The wellbeing of New Zealanders plummeted during the country’s nationwide lockdown, research has found, with nearly a third experiencing “moderate to severe psychological distress” – especially young people.
On 15 March Jacinda Ardern, the prime minister, ordered the total closure of the country’s borders and on 26 March the entire population of five million entered a strict lockdown.
From an infection point of the view the lockdown worked, but the social toll is continuing to be understood, including higher rates of depression, anxiety, and domestic abuse, as well as widespread sleeping problems.
On days 19 and 22 of the nearly five-week lockdown, Otago University’s Dr Susanna Every-Palmer, head of psychological medicine, surveyed 2,000 Kiwis about their wellbeing and mental health, including questions about their levels of depression and anxiety, the state of their family relationships and if they were experiencing any positive side-effects of lockdown.
Every-Palmer found “almost a third of participants experienced mental distress during the lockdown”, with 30% reporting moderate to severe psychological distress and 16% had moderate to high levels of anxiety.
Almost 40% said their level of wellbeing was low.
“New Zealand’s lockdown successfully eliminated Covid-19 from the community, but our results show this achievement brought a significant psychological toll,” Every-Palmer said.
“Substantially increased rates of distress were seen among those who reported having lost their jobs or experienced a reduction in work as a result of the pandemic, those who had potential vulnerabilities to Covid-19, or identified their health status as poor, and those who had a past diagnosis of a mental illness.”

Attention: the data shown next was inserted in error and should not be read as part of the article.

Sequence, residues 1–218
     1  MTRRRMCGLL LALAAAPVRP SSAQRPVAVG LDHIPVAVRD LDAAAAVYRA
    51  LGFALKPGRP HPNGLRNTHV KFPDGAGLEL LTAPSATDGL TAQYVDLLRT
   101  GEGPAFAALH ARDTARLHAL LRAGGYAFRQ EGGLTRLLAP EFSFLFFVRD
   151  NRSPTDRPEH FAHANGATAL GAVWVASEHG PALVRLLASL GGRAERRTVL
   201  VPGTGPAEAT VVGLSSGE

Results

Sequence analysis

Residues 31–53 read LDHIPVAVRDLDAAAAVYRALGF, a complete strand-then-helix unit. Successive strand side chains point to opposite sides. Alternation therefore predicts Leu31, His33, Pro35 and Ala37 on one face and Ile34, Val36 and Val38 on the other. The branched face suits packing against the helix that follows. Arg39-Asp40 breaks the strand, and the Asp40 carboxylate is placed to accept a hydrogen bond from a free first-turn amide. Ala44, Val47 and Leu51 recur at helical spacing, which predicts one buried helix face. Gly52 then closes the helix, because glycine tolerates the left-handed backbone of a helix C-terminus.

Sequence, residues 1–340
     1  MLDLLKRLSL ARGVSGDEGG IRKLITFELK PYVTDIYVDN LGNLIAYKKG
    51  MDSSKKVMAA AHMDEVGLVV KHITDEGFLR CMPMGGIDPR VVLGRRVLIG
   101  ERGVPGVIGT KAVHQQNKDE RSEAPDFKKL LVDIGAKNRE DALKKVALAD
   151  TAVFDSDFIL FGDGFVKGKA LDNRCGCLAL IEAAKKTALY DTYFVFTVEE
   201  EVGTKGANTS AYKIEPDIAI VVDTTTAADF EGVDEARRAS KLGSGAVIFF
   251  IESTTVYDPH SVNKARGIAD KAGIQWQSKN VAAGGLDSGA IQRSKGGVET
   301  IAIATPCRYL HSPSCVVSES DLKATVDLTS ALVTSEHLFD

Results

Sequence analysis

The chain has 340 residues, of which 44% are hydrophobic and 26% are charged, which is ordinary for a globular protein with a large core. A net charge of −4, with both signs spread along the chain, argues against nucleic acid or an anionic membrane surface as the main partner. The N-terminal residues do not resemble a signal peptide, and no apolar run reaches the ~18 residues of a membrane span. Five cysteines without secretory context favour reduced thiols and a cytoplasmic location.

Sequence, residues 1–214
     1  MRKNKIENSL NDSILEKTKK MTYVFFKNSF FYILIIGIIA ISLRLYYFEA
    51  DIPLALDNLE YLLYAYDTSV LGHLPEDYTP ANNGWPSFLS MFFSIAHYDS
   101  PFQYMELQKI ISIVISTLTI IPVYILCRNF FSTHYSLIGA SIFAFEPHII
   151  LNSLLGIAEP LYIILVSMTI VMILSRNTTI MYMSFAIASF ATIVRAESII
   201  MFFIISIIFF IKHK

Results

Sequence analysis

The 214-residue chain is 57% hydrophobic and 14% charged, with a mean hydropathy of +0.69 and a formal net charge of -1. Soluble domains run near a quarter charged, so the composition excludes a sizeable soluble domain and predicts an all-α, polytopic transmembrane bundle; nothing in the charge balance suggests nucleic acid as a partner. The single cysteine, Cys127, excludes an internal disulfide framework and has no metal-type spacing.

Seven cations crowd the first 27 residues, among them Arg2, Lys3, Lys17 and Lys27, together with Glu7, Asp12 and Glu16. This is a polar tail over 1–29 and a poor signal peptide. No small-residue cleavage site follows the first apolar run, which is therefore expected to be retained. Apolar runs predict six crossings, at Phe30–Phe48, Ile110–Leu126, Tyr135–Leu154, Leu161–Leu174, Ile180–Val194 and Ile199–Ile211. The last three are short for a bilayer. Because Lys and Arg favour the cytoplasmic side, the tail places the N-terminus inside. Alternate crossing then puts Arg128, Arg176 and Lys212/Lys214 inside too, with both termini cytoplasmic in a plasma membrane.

The research also found the lockdown affected different age groups in different ways, with the level of mental distress much higher in younger adults, with almost half of those aged between 18 and 24 experiencing moderate to severe psychological distress compared to less than one in 10 adults aged 65 years and older.
Every-Palmer said her team surmised the cause of this was higher levels of wellbeing among older age groups prior to entering lockdown, and higher levels of resilience learned from past exposure to adversity.
One in 10 people also reported experiencing some form of domestic abuse during lockdown, which corresponds to similar research findings from China, the US, Brazil and Australia.
However the psychological impact of lockdown was not all bad, Every-Palmer said, with 62% of respondents saying there were some enjoyable aspects, including working from home, spending more time with family, and living in a quieter, less polluted environment.
“People reported taking the opportunity to pause, reflect, consider priorities, recreate healthy habits, and they appreciated the environmental benefits brought by reduced travel.”
Dr Dougal Sutherland, a clinical psychologist from Victoria University of Wellington, said the findings were valuable as they were captured in real time.
“Although the study couldn’t tell us exactly what about the lockdown people found stressful, it is likely that a combination of health anxiety and worry about the potential economic consequences of Covid-19 played a role,” Sutherland said.